The effects of challenge and hindrance stressors on multinational corporations’ subsidiary performance: the role of institutional dependence

Yu, Chong ORCID: https://orcid.org/0000-0003-3877-4928 (2020) The effects of challenge and hindrance stressors on multinational corporations’ subsidiary performance: the role of institutional dependence. PhD thesis, University of Leeds.

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Abstract

An increasing number of multinational corporations (MNCs) have set up subsidiaries in emerging markets like China to implement their internationalisation strategy. Acknowledging the criticality of subsidiaries to corporations’ global success, international business scholars have attempted to address the question concerning “how can the performance of multinational corporations’ subsidiaries be enhanced?”. In headquarters–subsidiary relations, as subordinate within the hierarchy of decision-making, subsidiaries are susceptible to the work responsibilities that are imposed on them by their headquarters. Yet, a review of the international business literature reveals that relationship studies have not captured performance outcomes of subsidiary job stressors stemming from their headquarters’ demands.

It is important to address this omission because subsidiary managers may substantially susceptible to imposed work stress. In the light of work on group/team-level stress effects, imposed stress can be experienced collectively by a subsidiary’s top management team. Thus, the present study addresses a lacuna in research on the effects of subsidiary job demands within headquarters–subsidiary relationships.

Research data were collected through online (Qualtrics) survey with 238 Chinese manufacturing subsidiaries and the performance outcome of operating revenue was measured using secondary data from OSIRIS database. The respondents were acquired through phone calls and emails. The study results confirm that challenge stressors are positively, and hindrance stressors are negatively related to subsidiary top management team’s work engagement. In turn, work engagement is positively linked to operating revenue and local responsiveness. Institutional dependence strengthens the link between challenge stressors and work engagement, but it weakens the association between work engagement and local responsiveness.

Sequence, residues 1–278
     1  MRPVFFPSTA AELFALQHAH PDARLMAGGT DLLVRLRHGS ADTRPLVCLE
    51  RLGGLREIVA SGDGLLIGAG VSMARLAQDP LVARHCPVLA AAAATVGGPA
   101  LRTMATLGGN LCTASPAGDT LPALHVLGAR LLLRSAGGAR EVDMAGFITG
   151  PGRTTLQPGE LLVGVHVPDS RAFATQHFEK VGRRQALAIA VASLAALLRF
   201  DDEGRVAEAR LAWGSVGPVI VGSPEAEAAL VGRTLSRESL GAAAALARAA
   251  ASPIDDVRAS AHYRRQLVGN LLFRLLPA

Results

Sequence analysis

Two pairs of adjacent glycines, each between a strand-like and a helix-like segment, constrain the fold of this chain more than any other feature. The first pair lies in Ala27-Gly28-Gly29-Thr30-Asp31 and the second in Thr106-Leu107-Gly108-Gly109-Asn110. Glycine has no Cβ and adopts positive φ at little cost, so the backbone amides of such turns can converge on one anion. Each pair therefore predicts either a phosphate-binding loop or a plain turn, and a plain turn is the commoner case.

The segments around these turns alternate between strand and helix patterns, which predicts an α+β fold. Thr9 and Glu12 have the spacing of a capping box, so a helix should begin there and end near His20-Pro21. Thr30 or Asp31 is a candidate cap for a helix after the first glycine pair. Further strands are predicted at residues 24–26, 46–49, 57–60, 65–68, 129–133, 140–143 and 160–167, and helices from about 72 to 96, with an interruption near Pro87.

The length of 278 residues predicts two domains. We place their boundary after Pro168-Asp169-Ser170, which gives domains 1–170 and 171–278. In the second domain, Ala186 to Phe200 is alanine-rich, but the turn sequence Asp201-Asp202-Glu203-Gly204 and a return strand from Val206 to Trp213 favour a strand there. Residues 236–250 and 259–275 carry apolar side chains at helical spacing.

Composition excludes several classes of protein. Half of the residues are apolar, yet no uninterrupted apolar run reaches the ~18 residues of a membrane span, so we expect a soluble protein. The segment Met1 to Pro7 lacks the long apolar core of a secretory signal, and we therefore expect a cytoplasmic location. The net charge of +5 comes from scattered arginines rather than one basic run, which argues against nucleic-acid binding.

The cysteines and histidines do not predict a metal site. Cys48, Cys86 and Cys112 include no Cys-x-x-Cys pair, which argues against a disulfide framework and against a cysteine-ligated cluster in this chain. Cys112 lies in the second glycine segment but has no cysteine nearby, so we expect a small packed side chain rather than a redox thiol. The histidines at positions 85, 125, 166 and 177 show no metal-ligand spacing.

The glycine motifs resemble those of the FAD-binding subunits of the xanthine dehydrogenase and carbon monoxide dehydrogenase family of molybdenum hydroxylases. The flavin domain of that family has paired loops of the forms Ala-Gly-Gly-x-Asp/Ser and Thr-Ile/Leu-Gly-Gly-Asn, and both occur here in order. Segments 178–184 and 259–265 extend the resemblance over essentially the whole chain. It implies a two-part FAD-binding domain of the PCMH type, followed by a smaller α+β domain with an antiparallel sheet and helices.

The current study makes several contributions to existing knowledge in international business. First, it addresses an important lacuna in this literature by unveiling that subsidiary top management teams face imposed stress emanating from the headquarters’ demands and that this affects their work engagement and ultimately subsidiary performance. Second, the study explains inconsistent findings in the work on job stressors’ outcomes in international business by showing that challenge and hindrance stress types have positive and negative outcomes, respectively. Third, this study is novel in developing an extensive model of the conditionalities of work stress outcomes, combining the three complementary theories of transactional stress, JD–R, and neo-institution.

From a managerial perspective, the present study suggests that MNCs should assess job stressors for subsidiary TMTs in terms of work challenges and hindrances that they encounter in working with/for headquarters. It is equivalently imperative for subsidiary managers to interpret institutional constituents’ expectations to acquire and utilise valuable resources in host country. Finally, subsidiary managers must proactively explore and exploit knowledge and resources beyond meeting local institutional constituents’ expectations in order to fast respond to local market changes. Hence, on the one hand, they must keep local institutional constituents satisfied, on the other hand, they should identify differences between institutional constituents’ expectations and local market demands to be ambidextrous in terms of meeting expectations from different parties.

Item Type: Thesis (PhD)
Keywords (uncontrolled): Transactional theory of stress, Job demands-resources theory, Neo-institutional theory, Challenge stressors, Hindrance stressors, Work engagement, Institutional dependence, Operating revenue, Local responsiveness
Research Areas: A. > Business School > Marketing, Branding and Tourism
B. > Theses
Item ID: 30767
Useful Links:
Depositing User: Chong Yu
Date Deposited: 03 Aug 2020 09:37
Last Modified: 03 Aug 2020 09:37
URI: https://eprints.mdx.ac.uk/id/eprint/30767

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